Author: N. Katherine Hayles (designed by Anne Burdick)
Publisher: Cambridge, MA: MIT Press Mediawork Pamphlet Series, 2002
Review Published: April 2004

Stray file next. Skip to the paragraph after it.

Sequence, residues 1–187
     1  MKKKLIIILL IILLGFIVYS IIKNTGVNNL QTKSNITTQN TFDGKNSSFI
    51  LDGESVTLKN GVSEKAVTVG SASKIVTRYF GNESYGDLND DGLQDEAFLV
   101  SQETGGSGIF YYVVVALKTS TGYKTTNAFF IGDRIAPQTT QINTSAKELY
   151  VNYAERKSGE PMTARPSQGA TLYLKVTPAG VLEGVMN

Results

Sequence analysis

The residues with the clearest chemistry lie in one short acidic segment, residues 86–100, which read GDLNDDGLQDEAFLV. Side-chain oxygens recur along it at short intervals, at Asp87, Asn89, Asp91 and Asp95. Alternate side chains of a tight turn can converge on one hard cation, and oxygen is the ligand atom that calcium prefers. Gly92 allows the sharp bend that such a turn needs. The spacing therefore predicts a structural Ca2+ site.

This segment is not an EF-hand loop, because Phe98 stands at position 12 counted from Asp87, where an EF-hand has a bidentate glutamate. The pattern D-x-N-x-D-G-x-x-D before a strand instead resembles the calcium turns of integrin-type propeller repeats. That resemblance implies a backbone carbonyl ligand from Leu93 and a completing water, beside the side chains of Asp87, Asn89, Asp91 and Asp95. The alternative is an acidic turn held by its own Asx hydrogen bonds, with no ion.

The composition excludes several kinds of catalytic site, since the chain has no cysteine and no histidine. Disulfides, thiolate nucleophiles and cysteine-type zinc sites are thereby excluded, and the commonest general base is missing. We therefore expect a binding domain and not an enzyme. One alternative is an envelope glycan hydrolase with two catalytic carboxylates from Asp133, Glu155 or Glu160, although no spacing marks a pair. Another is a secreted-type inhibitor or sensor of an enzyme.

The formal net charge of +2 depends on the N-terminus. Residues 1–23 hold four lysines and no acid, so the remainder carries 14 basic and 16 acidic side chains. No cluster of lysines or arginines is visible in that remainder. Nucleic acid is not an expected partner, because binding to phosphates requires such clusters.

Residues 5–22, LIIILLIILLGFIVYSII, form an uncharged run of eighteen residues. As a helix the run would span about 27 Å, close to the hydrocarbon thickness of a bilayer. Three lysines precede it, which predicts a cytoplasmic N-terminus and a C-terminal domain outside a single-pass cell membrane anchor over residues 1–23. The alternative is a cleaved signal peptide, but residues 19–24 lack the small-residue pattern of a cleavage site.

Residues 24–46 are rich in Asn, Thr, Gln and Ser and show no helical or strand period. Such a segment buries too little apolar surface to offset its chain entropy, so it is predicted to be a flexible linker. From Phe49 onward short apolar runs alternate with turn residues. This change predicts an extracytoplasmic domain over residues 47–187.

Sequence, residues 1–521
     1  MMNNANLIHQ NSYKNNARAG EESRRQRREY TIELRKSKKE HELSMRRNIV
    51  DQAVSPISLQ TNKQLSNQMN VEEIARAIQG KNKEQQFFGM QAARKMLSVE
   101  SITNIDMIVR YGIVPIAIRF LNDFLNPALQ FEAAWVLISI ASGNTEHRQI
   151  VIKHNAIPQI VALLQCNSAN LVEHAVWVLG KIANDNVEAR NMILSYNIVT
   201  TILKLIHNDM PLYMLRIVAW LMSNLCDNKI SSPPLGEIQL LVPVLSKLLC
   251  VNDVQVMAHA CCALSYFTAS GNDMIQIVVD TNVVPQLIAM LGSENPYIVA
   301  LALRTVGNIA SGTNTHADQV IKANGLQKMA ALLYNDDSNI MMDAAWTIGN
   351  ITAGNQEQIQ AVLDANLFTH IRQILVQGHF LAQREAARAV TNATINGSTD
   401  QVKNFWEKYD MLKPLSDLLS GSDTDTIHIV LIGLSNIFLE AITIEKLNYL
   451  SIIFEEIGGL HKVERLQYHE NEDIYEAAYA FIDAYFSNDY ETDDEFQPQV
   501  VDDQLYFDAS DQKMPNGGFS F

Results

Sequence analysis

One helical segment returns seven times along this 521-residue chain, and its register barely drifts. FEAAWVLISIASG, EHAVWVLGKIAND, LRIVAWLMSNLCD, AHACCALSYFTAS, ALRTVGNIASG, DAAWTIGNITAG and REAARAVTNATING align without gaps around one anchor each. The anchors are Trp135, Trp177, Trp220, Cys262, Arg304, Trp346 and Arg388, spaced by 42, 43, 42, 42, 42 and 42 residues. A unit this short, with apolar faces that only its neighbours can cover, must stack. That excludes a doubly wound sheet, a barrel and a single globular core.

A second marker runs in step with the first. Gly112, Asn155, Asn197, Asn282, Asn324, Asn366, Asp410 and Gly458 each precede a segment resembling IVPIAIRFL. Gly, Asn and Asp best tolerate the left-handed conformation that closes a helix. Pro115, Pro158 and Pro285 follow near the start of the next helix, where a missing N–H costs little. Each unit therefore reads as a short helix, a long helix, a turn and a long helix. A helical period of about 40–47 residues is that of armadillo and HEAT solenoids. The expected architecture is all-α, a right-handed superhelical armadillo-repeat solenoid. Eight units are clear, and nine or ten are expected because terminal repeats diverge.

N. Katherine Hayles’ newest book, Writing Machines, continues her theoretical exegesis of the ways in which narratives reflect and shape our understanding of ourselves in the context of technologies, specifically the technologies of hypertext and remediation. In this book, Hayles experiments creatively with academic and other forms of discourse, not just discussing the changing nature of textuality, but also demonstrating some vast possibilities of new meanings for new forms. These possibilities have been defined, in part, by Peter Lunenfeld, the Editorial Director of the MIT Press Mediawork Pamphlet Series. His stated goal is to produce "theoretical fetish objects with visual, tactile, [and] intellectual appeal" (138). Thus, his guidelines impose a different sort of rigor than MLA-style argumentation and evidence, although Hayles augments the material text by providing, with designer-collaborator Anne Burdick, a companion web site that has bibliography, notes, errata, and other visual and content elaborations. At every opportunity, and on both the material (144-page book) and Internet platforms, the project pushes with great force against the formal and content boundaries that have been defined for theory discourse, social critique, autobiography, and personal narrative. Even the synchronicity between the printed and web-based material has been developed with fresh innovation. If the execution were not so fine, I could see this project becoming a disaster of experimental excess -- but this did not happen. Instead, the layers present themselves in stages, revealing fresh material and multivalent connections in every corner, at every turn of the tone or page.